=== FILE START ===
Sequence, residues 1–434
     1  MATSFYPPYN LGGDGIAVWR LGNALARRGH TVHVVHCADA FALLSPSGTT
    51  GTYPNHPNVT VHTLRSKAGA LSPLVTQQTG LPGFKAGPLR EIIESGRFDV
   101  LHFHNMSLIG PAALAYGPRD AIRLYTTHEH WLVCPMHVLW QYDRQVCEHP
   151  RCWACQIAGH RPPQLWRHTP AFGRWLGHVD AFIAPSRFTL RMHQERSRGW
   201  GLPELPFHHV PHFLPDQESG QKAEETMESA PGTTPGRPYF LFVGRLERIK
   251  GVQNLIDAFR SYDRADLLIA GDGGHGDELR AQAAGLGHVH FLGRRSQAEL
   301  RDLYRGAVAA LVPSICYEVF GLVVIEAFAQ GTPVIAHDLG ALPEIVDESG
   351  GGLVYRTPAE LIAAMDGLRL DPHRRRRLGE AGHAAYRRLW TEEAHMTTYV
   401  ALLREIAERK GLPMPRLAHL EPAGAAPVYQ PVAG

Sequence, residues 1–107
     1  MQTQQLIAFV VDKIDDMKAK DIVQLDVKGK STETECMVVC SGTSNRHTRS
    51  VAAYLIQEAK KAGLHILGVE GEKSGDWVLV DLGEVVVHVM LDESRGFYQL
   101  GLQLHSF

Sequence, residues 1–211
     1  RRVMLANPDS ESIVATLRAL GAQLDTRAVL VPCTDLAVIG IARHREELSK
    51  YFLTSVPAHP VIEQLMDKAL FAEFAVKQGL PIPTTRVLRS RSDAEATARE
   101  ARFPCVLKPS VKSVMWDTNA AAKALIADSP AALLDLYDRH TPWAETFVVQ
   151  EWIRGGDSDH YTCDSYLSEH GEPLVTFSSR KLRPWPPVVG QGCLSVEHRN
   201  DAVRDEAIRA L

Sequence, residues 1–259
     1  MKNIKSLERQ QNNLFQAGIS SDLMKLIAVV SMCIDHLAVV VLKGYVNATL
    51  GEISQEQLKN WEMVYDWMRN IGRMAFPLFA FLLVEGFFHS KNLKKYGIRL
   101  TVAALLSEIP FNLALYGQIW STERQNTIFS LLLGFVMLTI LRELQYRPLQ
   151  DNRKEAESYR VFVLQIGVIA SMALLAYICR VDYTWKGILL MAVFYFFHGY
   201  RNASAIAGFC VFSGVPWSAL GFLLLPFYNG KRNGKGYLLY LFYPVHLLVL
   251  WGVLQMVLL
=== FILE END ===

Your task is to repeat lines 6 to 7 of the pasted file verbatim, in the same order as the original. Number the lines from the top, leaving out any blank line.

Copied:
   201  GLPELPFHHV PHFLPDQESG QKAEETMESA PGTTPGRPYF LFVGRLERIK
   251  GVQNLIDAFR SYDRADLLIA GDGGHGDELR AQAAGLGHVH FLGRRSQAEL